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Famous British / English Scientists and Inventors
Charles Babbage (1791–1871) originated the concept of a programmable computer
George Boole (1815–1864) is the inventor of Boolean logic - the basis of modern digital computer logic
Robert Boyle (1627–1691): Boyle's law
Henry Cavendish (1731–1810): Weighing the Earth
Francis Crick (1916–2004): co-discoverer (with James D. Watson) of the structure of the DNA molecule, the double-helix, in 1953.
John Dalton (1766–1844): modern atomic theory and colour blindness
Charles Darwin (1809–1882): founder of the theory of evolution
Paul Dirac (1902–1984): fundamental contributions to quantum theory
Michael Faraday (1791–1867): Faraday's law of induction, Faraday's laws of electrolysis, Faraday cage
Rosalind Franklin (1920–1958): X-ray crystallographer who made critical contributions to the understanding of the molecular structures of DNA
Stephen Hawking (1942 -): black holes, cosmology
John Herschel (1792–1871: discovered seven moons of Saturn and four moons of Uranus.
Robert Hooke (1635–1703): Hooke's law of elasticity, microscopy, coined the word 'cell' for describing biological organisms
Edward Jenner (1749–1823): smallpox vaccine
James Clerk Maxwell (1831 - 1879): Maxwell's equations that describe the properties of electric and magnetic fields and their interactions with matter.
James Prescott Joule (1818–1889): First Law of Thermodynamics, Mechanical Equivalent of Heat
Joseph Lister (1827–1912): Surgical sterile techniques
Sir Charles Lyell (1797–1875): promoted the idea that the earth was shaped by slow-moving forces still in operation today (uniformitarianism).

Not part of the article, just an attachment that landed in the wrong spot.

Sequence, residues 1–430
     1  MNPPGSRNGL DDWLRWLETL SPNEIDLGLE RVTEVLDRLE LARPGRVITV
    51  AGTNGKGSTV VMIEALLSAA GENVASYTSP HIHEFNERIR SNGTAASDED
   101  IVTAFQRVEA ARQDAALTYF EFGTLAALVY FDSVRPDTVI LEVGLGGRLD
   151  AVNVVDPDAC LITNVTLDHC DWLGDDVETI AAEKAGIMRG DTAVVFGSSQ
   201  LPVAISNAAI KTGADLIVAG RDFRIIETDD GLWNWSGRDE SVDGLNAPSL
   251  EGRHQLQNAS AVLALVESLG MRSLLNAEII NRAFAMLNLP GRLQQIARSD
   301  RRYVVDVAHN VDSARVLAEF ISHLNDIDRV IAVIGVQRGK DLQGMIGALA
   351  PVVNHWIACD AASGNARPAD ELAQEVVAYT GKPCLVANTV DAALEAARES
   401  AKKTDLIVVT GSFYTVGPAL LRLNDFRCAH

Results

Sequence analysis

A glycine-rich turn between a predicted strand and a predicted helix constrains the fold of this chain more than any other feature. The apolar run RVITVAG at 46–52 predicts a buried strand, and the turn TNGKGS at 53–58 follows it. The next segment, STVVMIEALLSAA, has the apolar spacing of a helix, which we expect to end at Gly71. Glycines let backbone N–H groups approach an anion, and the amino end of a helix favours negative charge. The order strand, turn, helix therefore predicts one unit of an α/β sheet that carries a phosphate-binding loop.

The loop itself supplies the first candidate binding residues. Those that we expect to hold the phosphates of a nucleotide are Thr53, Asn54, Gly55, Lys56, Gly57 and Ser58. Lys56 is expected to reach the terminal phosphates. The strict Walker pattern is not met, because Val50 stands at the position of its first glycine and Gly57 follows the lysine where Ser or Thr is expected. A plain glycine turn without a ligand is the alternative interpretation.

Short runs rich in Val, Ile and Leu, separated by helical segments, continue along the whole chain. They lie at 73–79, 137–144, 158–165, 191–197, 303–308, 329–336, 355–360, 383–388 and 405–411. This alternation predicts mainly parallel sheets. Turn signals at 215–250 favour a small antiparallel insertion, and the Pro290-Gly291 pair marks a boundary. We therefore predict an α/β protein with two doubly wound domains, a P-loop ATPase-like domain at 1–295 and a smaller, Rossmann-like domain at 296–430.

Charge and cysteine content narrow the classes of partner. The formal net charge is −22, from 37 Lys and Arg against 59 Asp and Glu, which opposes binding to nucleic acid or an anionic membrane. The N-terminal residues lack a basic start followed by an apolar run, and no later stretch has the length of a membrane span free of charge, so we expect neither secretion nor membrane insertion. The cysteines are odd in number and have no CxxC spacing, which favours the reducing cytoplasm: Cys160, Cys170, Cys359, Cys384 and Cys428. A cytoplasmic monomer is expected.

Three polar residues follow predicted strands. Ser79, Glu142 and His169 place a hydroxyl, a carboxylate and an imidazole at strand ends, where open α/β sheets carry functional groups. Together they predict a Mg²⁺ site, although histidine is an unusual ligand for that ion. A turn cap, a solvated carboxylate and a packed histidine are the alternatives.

Sir Isaac Newton (1642–1727): differential and integral calculus, universal gravitation, telescope, white light composition, mechanics
Joseph Priestley (1733–1804): contributions to the discovery of oxygen and photosynthesis
J. J. Thomson (1856–1940): discovery of electron
William Thomson (Lord Kelvin) (1824 - 1907): formulation of the first and second laws of thermodynamics
Alan Turing (1912–1954): Turing machine which played a significant role in the creation of the modern computer
Alfred Russel Wallace (1823–1913): independently proposing a theory of evolution due to natural selection that prompted Charles Darwin to publish his own theory.
Thomas Young (1773–1829): The Double Slit Experiment
British Scientists and Inventors - Elementary/Middle School Level
The Scottish Science Hall of Fame - The National Library of Scotland
British Scientists and Inventors - Middle/High School Level
Famous British Earth Scientists - about.com
Royal Botanic Gardens, Kew: History and Heritage: Botanists
Victorian Science, Scientists and Technology
Science Biography Resources